Andi Kleen posted “pci: Allow lockless access path to PCI mmconfig”. “mmconfig” refers to the memory mapped configuration region used by contemporary PCIe devices during enumeration and configuration. This is a kind of out-of-band mechanism by which the kernel can talk to PCIe devices in a fully standards compliant means prior to having configured them. Intel processors include many “PCIe” devices that are in fact a logical means of expressing so called “uncore” non-compute features on the processor SoC. They’re not real PCIe devices but appear to the kernel as such. This wonderful abstraction comes with some overhead cost, especially when the kernel spends time grabbing the “pci_cfg_lock” which it actually doesn’t need to hold, according to Andi.

Jarkko Sakkinen posted version 3 of “in-kernel resource manager”, which adds support to the kernel for “TPM spaces that provide an isolated execution context for transient objects and HMAC policy sessions”.

Tomas Winkler posted a question about what the community considered to be the “correct usage of arrats of variable length within [the] Linux kernel”. The replies generally included language to the form of “don’t”. Both for reasons of general language ugliness, and also because (especially in the case of local variables) the Linux kernel’s fixed (and also small) size stack raises serious potential for stack overflow if one is not careful. There was a suggestion that the kernel should be built with a compiler option to disallow VLAs, but that this would require various code to be fixed first.

Kernel Podcast for Feb 27th, 2017

Audiohttp://traffic.libsyn.com/jcm/20170228.mp3

In this week’s kernel podcast: the merge window for kernel 4.11 is open and patches are flying into Linus’s inbox, fixing NUMA node determination at runtime, Virtual Machine Aware Caches, Advisory Memory Allocations, and a non-fixed TASK_SIZE to bring excitement to your life. We will have this, and a summary of ongoing development in this week’s Linux Kernel podcast.

The merge window (period of time during which disruptive changes are allowed to be “merged” – incorporated into Linus’s official git tree – prior to a multi-week stabilization and Release Candidate cycle) for Linux 4.11 is currently open. This means that the most recent official kernel remains Linux 4.10. Meanwhile, many “pull requests” and merges are in flight for various kernel subsystems planning updates in 4.11. These include:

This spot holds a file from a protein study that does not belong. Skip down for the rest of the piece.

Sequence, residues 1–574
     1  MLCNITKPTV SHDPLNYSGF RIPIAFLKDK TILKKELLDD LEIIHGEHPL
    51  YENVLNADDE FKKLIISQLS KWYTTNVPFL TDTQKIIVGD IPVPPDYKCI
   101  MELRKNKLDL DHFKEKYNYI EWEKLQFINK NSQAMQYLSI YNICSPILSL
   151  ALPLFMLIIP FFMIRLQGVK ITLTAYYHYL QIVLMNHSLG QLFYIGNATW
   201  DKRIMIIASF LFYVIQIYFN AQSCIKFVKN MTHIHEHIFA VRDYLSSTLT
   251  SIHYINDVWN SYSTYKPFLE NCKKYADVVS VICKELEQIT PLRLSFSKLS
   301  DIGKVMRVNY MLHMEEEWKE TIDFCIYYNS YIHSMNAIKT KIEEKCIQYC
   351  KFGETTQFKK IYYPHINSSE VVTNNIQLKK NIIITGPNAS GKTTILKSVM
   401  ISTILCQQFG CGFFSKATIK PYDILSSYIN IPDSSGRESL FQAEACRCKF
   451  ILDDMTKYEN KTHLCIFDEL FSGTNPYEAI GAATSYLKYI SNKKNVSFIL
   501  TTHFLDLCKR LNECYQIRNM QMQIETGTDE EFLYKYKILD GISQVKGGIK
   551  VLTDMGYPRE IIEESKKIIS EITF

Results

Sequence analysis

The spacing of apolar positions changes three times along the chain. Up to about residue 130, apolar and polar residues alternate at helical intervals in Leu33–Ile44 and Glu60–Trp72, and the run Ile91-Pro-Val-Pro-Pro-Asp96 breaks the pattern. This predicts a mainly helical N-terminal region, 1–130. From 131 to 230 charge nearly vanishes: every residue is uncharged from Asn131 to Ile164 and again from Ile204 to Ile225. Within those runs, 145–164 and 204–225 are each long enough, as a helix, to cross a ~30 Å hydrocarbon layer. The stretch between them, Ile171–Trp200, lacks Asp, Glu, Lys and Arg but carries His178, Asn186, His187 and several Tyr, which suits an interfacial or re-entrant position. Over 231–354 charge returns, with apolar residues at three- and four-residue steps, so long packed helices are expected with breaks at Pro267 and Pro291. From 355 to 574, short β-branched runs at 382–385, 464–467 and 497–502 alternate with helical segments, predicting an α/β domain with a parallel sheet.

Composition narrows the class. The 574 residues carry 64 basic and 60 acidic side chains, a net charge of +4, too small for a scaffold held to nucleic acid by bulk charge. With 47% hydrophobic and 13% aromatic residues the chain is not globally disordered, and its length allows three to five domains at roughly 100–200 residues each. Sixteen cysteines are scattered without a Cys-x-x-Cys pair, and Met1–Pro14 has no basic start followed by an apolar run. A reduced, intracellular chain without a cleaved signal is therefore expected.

• Ingo Molnar posted “EFI changes for 4.11”, including support for determining at boot time whether secure boot authentication was performed.
  • Ingo also posted “x86/cpufeature changes for v4.11”, which include the new support for “ring-3 MONITOR/MWAIT instructions on supported CPUs”. This is otherwise known as “MWAIT in userspace”, in which an unprivileged application can (in certain approved situations) use the CPU’s built-in monitor to cause a low-latency low-power wait on a memory location. This can be used (for example) by various userpace lock infrastructure to obviate spinning.
  • Joerg Roedel posted “IOMMU Updates for Linux v4.11”, which includes patches from Eric Auger (Red Hat) implementing “KVM PCIe/MSI passthrough support on ARM/ARM64”. These patches have been under development for many many months, and have been completely refactored on several occasions. They begin to enable various (OP)NFV (Open Platform for Network Function Virtualization) use cases, such as DPDK accelerated OVS (and other VNFs – Virtual Network Functions) within VMs passing through PCIe devices from the host via VFIO. Accompanying this was support for “a core representation for individual hardware iommus” (ARM uses a distributed System-MMU architecture), support for SMMUv2 on ARM systems, a stream table optimization for SMMUv3 on ARM systems, and various other small improvements.
  • Rafael J. Wysocki posted “Power management updates for v4.11-rc1”, noting that the “majority of changes go into the Operating Performance Points (OPP) framework and cpufreq this time, followed by devfreq and some scattered updates all over”. He also posted “ACPI updates for v4.11-rc1”, which include a rebase of the ACPICA (ACPI – Advanced Configuration and Power Interface – Component Architecture) reference shared among various Operating Systems for interpreting ACPI AML (ACPI Machine Language) at runtime. The ACPICA is updated to 20170119, with many fixes, including those “related to the handling of the bit width and bit offset fields in [GAS] Generic Address Structure”, utility updates, and support for “method invocations as target operands in AML”.
  • James Morris posted “Security subsystem updates for 4.11”, including a “major AppArmor update: policy namespaces & lots of fixes”, a new “/sys/kernel/security/lsm node for easy detection of loaded LSMs”, “SELinux cgroupfs labeling support”, and “SELinux context mounts on tmpfs, ramfs, devpts within user namespaces”. There was also “improved TPM 2.0 support”. This author is hoping an outfit such as Linux Weekly News (LWN) has an article on TPM2.0 at some point soon. James also posted a “seccomp bugfix” from Kees Cook that ensures seccomp will only dump core in the case that a process is single threaded (Kees wasn’t done with his usual awesome security fixes – he also had one to “censor kernel pointer in debug files” within the cgroup filesystem).
  • Bjorn Helgaas posted “PCI changes for v4.11”. These include ACS (Access Control Services) quirks for Intel Union Point, Qualcomm QDF2400, and QDF2432. ACS allows PCIe devices to communicate peer to peer without an intervening transaction through the Root Complex for IOV capabilities. Linus grumbled about Bjorn’s pull request due to the use of an SHA1 without a branch or tag name. But Bjorn noted it was a simple script mistake and was already fixed – he sent a followup with corrected “pci-v4.11-changes”.